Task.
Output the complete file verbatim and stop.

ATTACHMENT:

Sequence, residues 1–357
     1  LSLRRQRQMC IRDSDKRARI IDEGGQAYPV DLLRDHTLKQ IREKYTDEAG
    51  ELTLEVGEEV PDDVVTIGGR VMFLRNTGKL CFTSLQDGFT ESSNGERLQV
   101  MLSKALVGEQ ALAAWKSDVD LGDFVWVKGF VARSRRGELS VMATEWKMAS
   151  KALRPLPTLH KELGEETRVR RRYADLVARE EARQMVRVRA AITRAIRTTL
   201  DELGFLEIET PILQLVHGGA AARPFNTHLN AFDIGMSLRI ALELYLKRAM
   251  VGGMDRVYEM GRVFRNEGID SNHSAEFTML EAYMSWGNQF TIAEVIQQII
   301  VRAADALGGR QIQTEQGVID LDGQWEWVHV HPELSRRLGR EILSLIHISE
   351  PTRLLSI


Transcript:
Sequence, residues 1–357
     1  LSLRRQRQMC IRDSDKRARI IDEGGQAYPV DLLRDHTLKQ IREKYTDEAG
    51  ELTLEVGEEV PDDVVTIGGR VMFLRNTGKL CFTSLQDGFT ESSNGERLQV
   101  MLSKALVGEQ ALAAWKSDVD LGDFVWVKGF VARSRRGELS VMATEWKMAS
   151  KALRPLPTLH KELGEETRVR RRYADLVARE EARQMVRVRA AITRAIRTTL
   201  DELGFLEIET PILQLVHGGA AARPFNTHLN AFDIGMSLRI ALELYLKRAM
   251  VGGMDRVYEM GRVFRNEGID SNHSAEFTML EAYMSWGNQF TIAEVIQQII
   301  VRAADALGGR QIQTEQGVID LDGQWEWVHV HPELSRRLGR EILSLIHISE
   351  PTRLLSI